It’s questionable why anyone would name their restaurant after this famously chaotic city. That is, until you eat at this Tribeca restaurant. Benares is good. They’re not re-inventing the wheel here—just serving up high-quality takes on Indian staples that are good enough to feast on until it’s time to get tossed into the Ganges.
Meaning “passion” in Hindi, Junoon is an upscale Indian eatery in the Flatiron District that is the epitome of elegance on a plate. The handsome, sleek space is a lovely venue to sample the fine Indian fare that comes out of the kitchen.
The lunch menu is one of the best deals in town, given the quality of the food and experience at Junoon. For three courses, it’s $48. (At dinner, it jumps up to $95.)
Ganesh Temple Canteen
People don’t necessarily patronize Ganesh for the food. In addition to frequent worshippers, non-Hindus come out of curiosity. This is one of the most unique Indian restaurants in NYC in that it happens to sit underneath a Hindu temple. And oh, the southern Indian food happens to be pretty good, too. Tuck into a crispy dosa and then go up and wander around the temple.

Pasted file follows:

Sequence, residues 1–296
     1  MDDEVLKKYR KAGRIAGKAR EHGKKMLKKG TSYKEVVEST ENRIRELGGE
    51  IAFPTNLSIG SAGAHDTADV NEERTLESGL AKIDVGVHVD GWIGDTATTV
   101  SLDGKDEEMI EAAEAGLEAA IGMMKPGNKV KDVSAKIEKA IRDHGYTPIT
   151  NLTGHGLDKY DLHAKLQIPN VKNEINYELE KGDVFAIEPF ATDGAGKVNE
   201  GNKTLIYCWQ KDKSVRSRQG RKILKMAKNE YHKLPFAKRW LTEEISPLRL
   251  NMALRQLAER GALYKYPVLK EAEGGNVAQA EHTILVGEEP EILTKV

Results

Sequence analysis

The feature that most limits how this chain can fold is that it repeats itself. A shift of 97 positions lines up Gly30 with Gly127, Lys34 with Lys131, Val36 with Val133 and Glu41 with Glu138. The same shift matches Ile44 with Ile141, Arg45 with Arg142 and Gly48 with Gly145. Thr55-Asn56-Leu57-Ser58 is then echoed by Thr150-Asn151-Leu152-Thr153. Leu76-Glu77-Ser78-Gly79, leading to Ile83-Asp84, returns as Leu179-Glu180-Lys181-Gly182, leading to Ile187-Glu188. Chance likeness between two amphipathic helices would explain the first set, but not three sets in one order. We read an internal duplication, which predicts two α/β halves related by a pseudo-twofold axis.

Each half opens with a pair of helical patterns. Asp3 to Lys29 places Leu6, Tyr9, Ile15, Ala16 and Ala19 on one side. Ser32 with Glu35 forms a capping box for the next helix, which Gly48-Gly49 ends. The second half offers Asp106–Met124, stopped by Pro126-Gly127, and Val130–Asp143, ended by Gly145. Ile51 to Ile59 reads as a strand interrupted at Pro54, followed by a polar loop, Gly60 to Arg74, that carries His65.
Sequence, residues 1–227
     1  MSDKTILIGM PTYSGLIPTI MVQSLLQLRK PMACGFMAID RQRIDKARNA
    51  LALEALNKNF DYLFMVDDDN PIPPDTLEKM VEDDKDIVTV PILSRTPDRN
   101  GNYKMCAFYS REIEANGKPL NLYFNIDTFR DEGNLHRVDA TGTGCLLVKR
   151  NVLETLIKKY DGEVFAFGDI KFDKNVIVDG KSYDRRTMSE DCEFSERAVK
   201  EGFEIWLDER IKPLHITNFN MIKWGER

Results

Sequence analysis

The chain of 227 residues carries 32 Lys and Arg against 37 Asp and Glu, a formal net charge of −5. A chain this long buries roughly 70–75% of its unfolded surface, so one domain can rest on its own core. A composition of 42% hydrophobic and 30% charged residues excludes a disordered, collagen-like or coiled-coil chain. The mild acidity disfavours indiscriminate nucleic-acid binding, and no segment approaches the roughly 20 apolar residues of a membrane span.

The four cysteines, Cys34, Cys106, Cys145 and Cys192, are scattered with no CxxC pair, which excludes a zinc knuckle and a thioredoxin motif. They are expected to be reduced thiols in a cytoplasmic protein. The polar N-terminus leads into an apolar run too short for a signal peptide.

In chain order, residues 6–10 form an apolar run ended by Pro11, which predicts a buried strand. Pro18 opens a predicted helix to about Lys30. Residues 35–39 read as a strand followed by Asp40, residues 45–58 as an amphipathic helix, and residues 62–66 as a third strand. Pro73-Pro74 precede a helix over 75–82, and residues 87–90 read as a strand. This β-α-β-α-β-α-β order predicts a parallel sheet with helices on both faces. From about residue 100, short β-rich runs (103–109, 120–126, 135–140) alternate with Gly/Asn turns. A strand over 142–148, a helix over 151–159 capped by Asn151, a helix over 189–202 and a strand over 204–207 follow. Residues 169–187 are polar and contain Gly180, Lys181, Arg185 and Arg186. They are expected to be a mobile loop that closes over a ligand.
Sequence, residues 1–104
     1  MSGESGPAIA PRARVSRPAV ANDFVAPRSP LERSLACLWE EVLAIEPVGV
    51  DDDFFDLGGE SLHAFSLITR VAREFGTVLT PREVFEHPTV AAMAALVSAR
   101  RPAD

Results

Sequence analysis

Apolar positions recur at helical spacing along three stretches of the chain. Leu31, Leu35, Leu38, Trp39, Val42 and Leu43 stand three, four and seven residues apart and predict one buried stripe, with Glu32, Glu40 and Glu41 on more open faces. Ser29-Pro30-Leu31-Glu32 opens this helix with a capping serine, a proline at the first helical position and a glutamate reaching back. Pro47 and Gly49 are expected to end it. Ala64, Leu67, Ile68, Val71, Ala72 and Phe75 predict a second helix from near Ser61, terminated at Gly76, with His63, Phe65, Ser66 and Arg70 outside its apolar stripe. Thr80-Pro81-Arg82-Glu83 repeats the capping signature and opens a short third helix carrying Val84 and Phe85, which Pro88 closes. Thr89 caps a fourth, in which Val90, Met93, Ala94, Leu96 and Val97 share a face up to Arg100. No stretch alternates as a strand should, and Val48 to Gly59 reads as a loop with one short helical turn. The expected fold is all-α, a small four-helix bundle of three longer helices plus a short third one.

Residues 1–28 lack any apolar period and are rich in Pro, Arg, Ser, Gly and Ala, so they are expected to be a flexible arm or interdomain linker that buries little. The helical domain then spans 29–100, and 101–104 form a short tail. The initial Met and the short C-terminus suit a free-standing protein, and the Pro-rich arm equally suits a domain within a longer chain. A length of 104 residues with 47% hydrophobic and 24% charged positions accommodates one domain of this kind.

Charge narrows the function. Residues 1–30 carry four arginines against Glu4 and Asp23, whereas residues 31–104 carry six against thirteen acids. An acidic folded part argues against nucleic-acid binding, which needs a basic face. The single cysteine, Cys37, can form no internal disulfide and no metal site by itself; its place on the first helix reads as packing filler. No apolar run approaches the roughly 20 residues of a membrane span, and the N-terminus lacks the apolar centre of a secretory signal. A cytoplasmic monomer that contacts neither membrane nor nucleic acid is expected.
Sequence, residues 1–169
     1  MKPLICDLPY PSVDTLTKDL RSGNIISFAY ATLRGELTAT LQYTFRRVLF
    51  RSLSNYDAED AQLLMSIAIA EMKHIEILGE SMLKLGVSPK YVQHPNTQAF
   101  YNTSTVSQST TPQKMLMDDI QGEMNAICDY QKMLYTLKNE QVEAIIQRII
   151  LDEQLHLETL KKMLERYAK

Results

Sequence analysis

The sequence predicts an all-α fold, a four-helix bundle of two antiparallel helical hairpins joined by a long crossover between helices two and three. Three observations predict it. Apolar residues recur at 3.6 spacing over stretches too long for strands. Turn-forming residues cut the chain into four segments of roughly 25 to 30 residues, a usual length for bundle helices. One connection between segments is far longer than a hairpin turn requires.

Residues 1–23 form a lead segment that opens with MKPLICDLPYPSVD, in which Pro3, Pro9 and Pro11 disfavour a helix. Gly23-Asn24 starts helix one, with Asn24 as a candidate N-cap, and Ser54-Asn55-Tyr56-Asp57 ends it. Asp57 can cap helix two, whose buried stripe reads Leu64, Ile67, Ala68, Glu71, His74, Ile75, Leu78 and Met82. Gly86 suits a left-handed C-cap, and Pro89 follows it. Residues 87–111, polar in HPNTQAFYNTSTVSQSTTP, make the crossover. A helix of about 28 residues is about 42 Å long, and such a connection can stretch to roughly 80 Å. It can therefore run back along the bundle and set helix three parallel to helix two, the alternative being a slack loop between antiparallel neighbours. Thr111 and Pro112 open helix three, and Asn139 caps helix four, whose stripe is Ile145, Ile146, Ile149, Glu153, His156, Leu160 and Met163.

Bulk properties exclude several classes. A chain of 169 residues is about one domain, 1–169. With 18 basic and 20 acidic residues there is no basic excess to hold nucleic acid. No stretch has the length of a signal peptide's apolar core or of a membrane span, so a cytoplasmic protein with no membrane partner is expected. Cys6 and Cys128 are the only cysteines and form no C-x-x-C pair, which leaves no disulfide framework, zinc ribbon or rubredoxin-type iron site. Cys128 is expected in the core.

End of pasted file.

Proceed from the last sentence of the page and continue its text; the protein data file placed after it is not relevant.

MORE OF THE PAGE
There have long been two swaths of neighborhoods in Manhattan that are crammed with Indian restaurants, many of them mediocre: Murray Hill, lovingly nicknamed “Curry Hill,” and East 6th Street in the East Village.
Malai Marke exists in the latter and it’s the best Indian restaurant of the bunch that line the block. The menu is long, but lamb lovers should take note that they do the lamb meat very well here. And a delicious anomaly is that the restaurant has a section of the menu dedicated to the unique Chinese-Indian fare from Kolkata.
Let’s be honest: the food at Panna II, a longtime East Village stalwart that is around the corner from the block-long chain of Indian eateries, is not very memorable. But that’s not why this place is packed every single night. It’s all about the chaos and disarray of the diminutive, narrow room that is strewn with so many Christmas lights and chili pepper lights that eating here is really more of a feast for the eyes. Located on the corner of First Avenue and East 6th Street.
Punjabi Grocery and Deli